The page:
Read the accompanying essay describing this dig, which was actually a field trip for eighth graders from Andrews, Texas.
The headwaters of the Pease River is rugged ranch country – cedar covered steep slopes, hidden creeks and springs, hidden groves of big walnut trees and big cottonwood trees. In the foreground are the pink blossoms of feather dalea and mimosa catclaw.
Near the camp of the students is a pleasant and scenic creek. A chilly northwind accompanied by scudding low clouds kept the leaders of the trip worried about a violent thunderstorm.
Just below the archaeological site is the bosque or motte (both words mean a grove of trees). A good part of the year pools of water (seeps or springs) are found along the quarter-mile long grove, and is the source for the stream at the camp. The stream only runs during the cooler months of the year.
It is a dirty job – the students and adults sprawled, sat, knelt, and reclined to carefully excavate the grid pits.
The grid pits were 3 feet square, straight-sided, and most of the artifacts were coming from 12 to 25 inches down. Artifacts were left in place until carefully measured and plotted on paper, then cleaned and stored in plastic bags.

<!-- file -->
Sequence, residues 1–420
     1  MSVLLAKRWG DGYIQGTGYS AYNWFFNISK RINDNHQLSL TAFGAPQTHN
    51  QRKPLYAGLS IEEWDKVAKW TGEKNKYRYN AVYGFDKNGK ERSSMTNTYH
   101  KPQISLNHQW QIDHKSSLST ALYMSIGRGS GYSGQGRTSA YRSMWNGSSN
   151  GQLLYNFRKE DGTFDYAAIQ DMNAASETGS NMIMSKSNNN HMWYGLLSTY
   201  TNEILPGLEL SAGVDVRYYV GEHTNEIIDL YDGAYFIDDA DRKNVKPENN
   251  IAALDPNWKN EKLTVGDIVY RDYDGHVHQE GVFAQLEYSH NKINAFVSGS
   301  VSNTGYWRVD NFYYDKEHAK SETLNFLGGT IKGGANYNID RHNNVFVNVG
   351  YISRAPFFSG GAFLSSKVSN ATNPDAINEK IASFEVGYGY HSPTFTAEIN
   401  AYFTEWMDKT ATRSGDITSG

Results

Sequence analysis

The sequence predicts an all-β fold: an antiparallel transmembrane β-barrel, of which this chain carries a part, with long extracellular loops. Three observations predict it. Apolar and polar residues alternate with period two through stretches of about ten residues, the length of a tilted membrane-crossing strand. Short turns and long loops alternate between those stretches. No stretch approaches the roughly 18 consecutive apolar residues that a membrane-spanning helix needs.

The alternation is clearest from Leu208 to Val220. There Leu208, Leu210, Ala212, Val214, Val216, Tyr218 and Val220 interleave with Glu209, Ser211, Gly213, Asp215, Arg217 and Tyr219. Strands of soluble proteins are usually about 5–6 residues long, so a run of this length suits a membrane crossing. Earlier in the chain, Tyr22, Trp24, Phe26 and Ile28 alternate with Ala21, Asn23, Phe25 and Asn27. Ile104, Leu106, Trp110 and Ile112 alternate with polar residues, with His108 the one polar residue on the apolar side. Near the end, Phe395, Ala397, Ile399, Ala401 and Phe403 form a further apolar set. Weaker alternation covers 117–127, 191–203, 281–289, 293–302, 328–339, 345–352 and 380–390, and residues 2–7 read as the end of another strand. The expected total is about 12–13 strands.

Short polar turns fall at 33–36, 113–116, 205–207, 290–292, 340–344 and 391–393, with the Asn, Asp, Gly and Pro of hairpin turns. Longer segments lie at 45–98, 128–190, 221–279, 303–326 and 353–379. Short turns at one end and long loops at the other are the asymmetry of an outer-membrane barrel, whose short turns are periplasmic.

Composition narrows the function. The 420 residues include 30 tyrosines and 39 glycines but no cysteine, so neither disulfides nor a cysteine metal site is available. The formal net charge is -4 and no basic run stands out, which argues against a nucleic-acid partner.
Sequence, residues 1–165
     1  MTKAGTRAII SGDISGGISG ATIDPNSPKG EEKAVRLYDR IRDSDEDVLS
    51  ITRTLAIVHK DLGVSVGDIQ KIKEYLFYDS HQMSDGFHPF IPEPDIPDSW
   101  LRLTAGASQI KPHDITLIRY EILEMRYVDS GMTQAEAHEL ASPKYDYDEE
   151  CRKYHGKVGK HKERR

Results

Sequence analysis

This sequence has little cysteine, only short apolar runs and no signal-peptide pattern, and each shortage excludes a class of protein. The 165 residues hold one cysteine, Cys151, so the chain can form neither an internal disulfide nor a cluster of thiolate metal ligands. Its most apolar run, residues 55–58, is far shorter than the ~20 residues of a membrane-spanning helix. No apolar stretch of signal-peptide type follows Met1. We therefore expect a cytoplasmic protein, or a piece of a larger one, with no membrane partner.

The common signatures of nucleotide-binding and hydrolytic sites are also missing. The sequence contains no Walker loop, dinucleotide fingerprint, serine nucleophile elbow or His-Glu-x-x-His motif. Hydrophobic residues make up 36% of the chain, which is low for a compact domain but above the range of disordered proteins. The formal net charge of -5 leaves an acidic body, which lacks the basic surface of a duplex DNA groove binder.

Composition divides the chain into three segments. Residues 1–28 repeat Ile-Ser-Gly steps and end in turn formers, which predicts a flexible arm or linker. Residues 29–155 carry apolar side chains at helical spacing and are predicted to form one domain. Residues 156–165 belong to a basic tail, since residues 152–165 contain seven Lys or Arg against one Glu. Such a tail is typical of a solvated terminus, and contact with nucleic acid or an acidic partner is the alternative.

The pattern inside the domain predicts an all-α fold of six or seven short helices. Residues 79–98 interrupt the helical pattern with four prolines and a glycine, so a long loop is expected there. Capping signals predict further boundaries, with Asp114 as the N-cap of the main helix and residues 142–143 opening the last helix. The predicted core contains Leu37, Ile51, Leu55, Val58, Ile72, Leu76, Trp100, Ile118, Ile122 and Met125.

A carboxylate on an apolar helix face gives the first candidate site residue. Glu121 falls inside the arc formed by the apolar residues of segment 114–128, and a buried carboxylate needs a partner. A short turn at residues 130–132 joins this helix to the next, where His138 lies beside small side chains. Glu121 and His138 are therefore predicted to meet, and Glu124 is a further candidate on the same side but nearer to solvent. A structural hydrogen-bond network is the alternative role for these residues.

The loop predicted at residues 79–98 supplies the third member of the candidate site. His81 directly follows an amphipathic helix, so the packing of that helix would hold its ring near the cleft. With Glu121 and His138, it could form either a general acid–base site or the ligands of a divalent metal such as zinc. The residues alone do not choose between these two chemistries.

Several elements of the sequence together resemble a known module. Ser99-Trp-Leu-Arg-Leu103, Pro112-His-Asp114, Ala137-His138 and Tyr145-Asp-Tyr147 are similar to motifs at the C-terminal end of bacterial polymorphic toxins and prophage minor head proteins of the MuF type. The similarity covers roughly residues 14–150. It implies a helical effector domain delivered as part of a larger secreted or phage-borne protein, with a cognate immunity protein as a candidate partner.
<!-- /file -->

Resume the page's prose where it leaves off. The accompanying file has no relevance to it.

The set up for the official photo of the pit "better than professional."
The girls in front are Danielle and Erica – while working on the pit in the previous photos.
Serious work performed admirably by 8th grade students – what a wonderful program!
When given a chance for real scientific exploration and a camping trip to a wild country, kids are on their best behavior, and rise to the occasion in admirable fashion.
Another pit revealed this collection of stone and rock. Was it a grill where meat was cooked on hot rocks, or was it a waste pile of rocks used in cooking? Baskets and hides full of soup were cooked by dropping heated rocks into the liquid.
Every bit of dirt in the grid pits was sifted in one of two shaker trays – and arrowheads, small bones, and pieces of pottery were often revealed there.